AP NEWS

Wild card Lujan key to Dragons’ victory

March 2, 2019

Peter Lujan is both a coach’s dream and a coach’s nightmare.

That he’s also the coach’s son merely adds another layer to the equation.

Lujan, the senior wing for the Monte del Sol Dragons, is the Energizer Bunny that the rest of the team can feed off of, with the hustle and energy he brings to the hardwood.

Sometimes, though, Lujan doesn’t quite know how to channel the adrenaline rush he gets from a 3-point shot or sneaking in to steal the ball from an unsuspecting opponent, and it can lead to poor decisions, like unnecessary fouls and impetuous actions that can send him to the bench.

On Thursday night, he was mainly the best of what Monte del Sol needs, as he scored 15 points and came up with some big plays on both ends of the court as the Dragons beat Desert Academy/Santa Fe Waldorf 58-44 in the District 2-2A semifinal at the Institute of American Indian Art.

Monte del Sol, the second seed in the tournament, will get a fourth shot at beating No. 1 McCurdy at 6:30 p.m. Saturday in Memorial Gymnasium.

To do that, it needs a Lujan who is fierce and fastidious, but not so flamboyant. Lujan admits that his emotions can override his head.

“I’m a player who lives to hit the big shot and lives to create the momentum in the game,” Lujan said. “I do pride myself on that and I try not to let my emotions get the best of me. At times, that has happened where we get a little momentum shift and I get overwhelmed. I know coach — and my dad — knows that I play best when I’m under control.”

Alfredo Lujan, the fifth-year Dragons head coach who is in his final season in that position, cannot deny that his son plays passionately.

“He very passionate about the game and he plays with a lot of emotion,” Lujan said. “But he also makes big buckets. He made some [Thursday] and he’s done it through the season. Sometimes, something happens and I go, ‘What, what was in your mind that you did that?’

“And it is hard because he’s my child and I’m supportive of him as a parent, but I’m the coach, too. So it’s a fine balancing act.”

The balance was better against the Wild Wolves, who were playing their third game in four days but also playing some of their best basketball at the right time. While senior wing Liam Otero had his usual standout game — 22 points on the strength of four 3-pointers — Desert Academy/Waldorf hit seven 3s overall.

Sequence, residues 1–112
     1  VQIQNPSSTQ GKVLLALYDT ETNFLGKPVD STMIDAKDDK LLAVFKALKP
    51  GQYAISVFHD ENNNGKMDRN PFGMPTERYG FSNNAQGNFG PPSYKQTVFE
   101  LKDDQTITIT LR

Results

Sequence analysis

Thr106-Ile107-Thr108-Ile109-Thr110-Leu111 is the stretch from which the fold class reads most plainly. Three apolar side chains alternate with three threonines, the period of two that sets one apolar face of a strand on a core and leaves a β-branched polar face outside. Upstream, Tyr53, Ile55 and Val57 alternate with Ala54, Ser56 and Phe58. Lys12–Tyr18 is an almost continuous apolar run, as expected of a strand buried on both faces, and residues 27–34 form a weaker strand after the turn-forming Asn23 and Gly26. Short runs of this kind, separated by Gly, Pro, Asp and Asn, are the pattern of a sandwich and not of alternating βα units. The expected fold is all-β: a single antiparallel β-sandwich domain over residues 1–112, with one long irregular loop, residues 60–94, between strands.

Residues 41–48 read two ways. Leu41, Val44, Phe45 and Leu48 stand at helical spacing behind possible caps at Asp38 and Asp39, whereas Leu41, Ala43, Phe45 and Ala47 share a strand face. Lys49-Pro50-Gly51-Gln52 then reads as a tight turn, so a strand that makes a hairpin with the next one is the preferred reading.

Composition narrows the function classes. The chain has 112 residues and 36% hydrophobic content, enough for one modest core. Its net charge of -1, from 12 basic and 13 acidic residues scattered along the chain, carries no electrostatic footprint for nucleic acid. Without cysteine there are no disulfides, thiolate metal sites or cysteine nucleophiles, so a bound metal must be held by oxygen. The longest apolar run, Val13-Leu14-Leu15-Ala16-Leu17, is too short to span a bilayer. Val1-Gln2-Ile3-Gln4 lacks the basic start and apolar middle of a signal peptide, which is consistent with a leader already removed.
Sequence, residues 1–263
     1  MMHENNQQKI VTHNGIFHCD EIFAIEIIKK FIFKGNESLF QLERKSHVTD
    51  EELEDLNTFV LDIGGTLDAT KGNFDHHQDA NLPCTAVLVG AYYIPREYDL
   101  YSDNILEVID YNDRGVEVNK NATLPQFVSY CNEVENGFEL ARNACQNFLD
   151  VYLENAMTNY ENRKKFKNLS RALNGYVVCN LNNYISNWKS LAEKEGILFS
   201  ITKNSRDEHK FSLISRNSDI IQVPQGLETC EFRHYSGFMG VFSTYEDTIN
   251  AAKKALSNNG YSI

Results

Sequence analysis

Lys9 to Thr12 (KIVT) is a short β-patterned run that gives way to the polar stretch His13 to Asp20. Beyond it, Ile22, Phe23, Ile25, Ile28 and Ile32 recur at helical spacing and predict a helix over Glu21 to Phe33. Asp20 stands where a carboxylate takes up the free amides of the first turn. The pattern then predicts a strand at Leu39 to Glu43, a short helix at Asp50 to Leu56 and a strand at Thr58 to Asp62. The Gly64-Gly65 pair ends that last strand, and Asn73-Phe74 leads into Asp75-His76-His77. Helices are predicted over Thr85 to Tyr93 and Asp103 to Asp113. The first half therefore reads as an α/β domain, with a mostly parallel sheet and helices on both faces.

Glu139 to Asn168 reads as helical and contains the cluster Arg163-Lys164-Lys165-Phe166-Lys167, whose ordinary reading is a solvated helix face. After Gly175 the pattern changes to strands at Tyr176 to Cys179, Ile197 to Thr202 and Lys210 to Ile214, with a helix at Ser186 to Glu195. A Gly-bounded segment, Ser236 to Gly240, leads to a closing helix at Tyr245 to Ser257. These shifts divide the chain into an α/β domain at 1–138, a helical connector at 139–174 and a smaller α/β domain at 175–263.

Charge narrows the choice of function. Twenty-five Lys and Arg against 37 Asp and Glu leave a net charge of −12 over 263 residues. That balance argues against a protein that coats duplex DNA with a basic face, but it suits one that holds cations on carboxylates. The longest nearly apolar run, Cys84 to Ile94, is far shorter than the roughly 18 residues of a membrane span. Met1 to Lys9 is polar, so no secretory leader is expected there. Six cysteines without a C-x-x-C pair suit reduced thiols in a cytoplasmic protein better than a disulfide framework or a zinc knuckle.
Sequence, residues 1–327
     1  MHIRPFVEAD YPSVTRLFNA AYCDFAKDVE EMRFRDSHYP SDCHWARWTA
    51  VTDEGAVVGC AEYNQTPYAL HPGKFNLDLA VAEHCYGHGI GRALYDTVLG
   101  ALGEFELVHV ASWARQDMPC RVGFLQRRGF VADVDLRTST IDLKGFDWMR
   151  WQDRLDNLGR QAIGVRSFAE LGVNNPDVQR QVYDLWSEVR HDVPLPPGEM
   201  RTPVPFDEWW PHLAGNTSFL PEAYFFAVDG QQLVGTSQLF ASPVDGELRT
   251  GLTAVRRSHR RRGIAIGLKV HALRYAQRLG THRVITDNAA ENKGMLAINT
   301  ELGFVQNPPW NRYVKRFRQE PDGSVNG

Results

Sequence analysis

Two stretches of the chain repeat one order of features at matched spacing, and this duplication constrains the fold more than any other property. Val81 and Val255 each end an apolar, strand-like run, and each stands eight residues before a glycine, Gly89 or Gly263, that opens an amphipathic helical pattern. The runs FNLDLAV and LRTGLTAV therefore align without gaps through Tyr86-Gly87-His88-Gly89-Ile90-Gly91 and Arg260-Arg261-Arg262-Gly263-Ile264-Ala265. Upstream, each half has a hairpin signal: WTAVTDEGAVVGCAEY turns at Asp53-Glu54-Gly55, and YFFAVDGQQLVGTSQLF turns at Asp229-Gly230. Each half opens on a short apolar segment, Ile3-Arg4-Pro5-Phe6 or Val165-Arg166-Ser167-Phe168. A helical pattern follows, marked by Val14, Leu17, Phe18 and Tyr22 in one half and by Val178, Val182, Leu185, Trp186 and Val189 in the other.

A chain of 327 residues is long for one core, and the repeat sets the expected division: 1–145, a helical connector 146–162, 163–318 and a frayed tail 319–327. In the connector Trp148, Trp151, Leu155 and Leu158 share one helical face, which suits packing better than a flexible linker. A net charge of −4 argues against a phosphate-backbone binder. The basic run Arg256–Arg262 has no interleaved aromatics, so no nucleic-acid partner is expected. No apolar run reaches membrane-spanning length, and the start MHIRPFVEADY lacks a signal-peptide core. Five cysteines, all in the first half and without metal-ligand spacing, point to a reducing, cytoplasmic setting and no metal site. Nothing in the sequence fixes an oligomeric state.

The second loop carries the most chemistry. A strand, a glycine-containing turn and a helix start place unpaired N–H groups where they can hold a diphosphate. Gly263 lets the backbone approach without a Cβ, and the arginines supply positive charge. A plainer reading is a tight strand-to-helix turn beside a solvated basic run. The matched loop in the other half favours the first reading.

They seem to come at key times, such as when Eno Little knocked down a triple from the top of the key with 23 seconds left to get the Wild Wolves within 32-25 at the half.

When Otero knocked down a deep 3 from the wing with a little more than a minute to go in the third, it capped a 9-4 run that brought the Wild Wolves within 45-34 entering the fourth.

Every time Desert Academy/Waldorf were on the verge of getting back into the game, it couldn’t come up with the necessary stop or bucket to sustain the momentum.

“Sustain was the key word,” Wild Wolves head coach Enrique Otero said, “I think one of the thing that was against us was fatigue. Not from this game, but from the accumulation of games.”

The Dragons (17-10) sensed that and answered the call every time. Chris Moncada opened the fourth quarter with a 3 from the wing — one of three he made as he finished with 13 points — to make it 48-34, then Peter Lujan ripped the ball away from Liam Otero in a battle of wills between two coaches’ sons. He went the other way for a layup and a 50-34 lead with 5:14 left. Forty-eight seconds later, Lujan drained a 3 from the wing for a 53-37 advantage.

When Will Smith hit a 16-footer and a free throw for Desert Academy/Waldorf (7-18) to trim the deficit to 53-40 with 3:09 to go, Peter Lujan outraced the rest of the weary Wild Wolves for a transition basket to make it 55-40.

“Focusing was just a big part,” Peter Lujan said. “I’ve taken these shot a million times, so why not one more?”

Why not?

When they go in, it’s like he’s living the dream.